CREEDENCE CLEARWATER REVIVAL
The Complete Studio Albums
Carry on chooglin’: Creedence clearer than ever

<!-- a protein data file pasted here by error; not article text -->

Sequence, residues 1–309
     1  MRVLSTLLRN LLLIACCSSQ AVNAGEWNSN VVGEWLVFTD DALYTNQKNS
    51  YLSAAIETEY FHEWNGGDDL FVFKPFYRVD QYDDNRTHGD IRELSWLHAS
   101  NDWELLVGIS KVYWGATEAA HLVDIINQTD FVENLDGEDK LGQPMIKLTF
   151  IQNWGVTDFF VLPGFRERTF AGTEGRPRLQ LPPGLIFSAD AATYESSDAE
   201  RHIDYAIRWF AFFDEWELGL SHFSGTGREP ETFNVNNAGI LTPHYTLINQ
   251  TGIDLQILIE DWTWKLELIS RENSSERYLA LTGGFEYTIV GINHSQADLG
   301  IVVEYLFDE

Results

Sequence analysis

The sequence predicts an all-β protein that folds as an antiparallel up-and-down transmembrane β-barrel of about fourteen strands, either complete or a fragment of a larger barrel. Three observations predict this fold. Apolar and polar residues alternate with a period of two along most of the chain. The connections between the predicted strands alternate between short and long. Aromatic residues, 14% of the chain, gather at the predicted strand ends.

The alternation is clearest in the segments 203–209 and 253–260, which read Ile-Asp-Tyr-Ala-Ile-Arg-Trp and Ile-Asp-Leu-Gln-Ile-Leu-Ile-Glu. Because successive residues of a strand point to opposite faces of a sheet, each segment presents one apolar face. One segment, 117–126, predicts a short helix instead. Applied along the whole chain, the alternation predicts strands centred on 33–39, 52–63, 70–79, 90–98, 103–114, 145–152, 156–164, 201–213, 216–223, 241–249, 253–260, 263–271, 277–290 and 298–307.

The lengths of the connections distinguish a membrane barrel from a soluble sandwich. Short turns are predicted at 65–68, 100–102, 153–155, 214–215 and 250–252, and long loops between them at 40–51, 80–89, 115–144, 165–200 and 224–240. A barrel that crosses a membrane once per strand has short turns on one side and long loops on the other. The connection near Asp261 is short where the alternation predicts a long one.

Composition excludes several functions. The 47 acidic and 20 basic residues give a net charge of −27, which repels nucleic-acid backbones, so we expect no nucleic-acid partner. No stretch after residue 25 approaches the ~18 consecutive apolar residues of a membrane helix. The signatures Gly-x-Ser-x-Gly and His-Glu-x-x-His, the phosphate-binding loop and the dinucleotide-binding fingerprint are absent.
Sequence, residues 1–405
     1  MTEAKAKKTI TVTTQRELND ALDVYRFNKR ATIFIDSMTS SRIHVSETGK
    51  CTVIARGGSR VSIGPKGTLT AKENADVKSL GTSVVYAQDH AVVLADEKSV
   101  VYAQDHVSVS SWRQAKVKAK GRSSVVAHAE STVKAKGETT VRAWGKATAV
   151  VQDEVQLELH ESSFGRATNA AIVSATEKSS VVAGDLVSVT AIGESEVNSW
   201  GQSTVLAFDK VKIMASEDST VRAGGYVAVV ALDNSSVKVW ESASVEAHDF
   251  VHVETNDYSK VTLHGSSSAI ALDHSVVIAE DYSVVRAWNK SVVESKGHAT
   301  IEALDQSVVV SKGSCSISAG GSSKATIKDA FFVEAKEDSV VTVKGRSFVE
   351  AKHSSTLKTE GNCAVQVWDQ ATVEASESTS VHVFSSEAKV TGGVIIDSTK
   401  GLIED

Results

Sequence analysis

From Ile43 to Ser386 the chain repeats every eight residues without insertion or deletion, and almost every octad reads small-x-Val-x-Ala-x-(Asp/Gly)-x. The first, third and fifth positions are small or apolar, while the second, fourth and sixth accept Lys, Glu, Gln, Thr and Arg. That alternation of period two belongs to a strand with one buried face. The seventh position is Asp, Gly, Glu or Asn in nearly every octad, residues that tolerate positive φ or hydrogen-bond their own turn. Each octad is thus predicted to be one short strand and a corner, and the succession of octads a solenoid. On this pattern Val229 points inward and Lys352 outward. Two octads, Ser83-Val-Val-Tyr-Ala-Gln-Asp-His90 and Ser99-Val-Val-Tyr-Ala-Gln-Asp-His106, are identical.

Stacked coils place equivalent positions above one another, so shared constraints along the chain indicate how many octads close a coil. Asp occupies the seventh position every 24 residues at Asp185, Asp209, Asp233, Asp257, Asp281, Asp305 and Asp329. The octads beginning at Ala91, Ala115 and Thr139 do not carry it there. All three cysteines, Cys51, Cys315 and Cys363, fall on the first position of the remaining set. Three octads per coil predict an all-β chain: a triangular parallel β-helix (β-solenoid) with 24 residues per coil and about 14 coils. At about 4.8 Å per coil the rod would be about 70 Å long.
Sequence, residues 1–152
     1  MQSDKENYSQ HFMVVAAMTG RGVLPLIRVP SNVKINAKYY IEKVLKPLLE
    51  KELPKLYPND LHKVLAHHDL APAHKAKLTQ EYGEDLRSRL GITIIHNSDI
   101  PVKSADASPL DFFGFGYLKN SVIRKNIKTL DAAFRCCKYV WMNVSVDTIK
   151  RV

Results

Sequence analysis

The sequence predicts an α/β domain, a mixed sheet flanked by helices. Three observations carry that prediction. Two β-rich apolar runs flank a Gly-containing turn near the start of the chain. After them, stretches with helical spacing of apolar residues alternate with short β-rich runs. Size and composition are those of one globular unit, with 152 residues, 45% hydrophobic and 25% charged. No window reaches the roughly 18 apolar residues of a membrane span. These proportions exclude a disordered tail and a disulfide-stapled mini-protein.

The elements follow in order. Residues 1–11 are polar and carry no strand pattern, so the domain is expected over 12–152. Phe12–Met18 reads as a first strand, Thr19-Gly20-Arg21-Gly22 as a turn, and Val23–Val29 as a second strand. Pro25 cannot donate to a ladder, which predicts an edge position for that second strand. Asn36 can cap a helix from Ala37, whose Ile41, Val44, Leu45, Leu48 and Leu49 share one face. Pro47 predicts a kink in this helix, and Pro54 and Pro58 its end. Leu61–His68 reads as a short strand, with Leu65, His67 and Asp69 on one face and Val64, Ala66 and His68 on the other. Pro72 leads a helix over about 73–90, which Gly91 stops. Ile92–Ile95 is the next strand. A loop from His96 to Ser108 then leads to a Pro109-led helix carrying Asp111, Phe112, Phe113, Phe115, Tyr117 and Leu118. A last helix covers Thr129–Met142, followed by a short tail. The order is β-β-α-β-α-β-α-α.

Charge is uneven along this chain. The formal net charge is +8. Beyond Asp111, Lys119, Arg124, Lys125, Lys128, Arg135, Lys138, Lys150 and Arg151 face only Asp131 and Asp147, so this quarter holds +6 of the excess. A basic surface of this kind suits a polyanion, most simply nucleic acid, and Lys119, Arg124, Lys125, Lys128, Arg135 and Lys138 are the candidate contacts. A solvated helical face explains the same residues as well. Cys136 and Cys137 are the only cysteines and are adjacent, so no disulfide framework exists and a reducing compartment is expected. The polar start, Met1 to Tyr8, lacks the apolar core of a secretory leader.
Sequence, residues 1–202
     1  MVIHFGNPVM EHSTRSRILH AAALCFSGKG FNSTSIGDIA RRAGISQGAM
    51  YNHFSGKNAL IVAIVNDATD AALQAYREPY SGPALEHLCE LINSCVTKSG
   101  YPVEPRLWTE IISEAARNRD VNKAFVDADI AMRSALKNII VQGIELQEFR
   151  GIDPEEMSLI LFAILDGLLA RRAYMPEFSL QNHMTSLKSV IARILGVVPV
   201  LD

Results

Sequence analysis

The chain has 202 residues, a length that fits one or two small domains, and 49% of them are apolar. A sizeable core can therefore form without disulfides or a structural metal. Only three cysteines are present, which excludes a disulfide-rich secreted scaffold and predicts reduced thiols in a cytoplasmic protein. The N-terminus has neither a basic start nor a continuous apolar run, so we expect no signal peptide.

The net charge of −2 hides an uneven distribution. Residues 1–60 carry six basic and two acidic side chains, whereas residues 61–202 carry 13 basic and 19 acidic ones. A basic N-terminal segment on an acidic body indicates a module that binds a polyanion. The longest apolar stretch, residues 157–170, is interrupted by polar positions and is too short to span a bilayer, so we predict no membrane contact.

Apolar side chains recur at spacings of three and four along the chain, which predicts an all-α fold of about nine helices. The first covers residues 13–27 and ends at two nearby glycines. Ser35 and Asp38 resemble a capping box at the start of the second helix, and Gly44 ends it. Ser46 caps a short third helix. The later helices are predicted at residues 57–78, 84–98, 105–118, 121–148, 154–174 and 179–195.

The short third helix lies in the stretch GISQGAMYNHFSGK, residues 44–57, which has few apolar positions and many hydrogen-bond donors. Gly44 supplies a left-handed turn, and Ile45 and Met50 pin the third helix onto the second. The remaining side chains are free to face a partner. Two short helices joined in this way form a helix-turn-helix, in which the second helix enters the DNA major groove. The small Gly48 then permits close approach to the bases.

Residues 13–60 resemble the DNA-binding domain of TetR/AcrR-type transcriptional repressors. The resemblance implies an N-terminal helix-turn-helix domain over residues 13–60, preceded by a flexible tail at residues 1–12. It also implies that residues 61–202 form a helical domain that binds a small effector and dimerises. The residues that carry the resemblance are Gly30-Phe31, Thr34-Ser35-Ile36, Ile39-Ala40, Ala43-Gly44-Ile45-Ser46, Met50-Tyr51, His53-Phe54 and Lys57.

“Melody Maker had us as the best band in the world,” reflected John Fogerty more recently. “That was after The Beatles split, but still.” Edited out of the Woodstock film because frontman Fogerty felt their headlining performance was below par, the grizzled Californians lost some countercultural cachet, but this half-speed remastered redux of the seven albums they rattled off from 1968–72 (including three in 1969 alone) confirms that their thunderous faux-Southern rock was never hippy or dippy. The flannel-shirted hits (“Proud Mary”, “Bad Moon Rising”, “Up Around The Bend”) remain colossal, and bewitched foundation indiepoppers Orange Juice long before the CCR look defined US alternative rock in the age of grunge. For more subtle traces of their influence, listen to their 1968 take on “I Put A Spell On You” for an early snatch of the Television guitar sound, while schmuck’s lament “Lodi” and the Nixon-baiting “Effigy” cast Fogerty as Bruce Springsteen’s lyrical spirit guide. An ugly ending – Fogerty’s brother Tom quit before limp swansong, Mardi Gras, took inter-band democracy too far – should not detract from their rugged glory days. Extras: 6/10. Nothing in the way of unreleased music, but an 80page booklet justifies some of the substantial price-tag.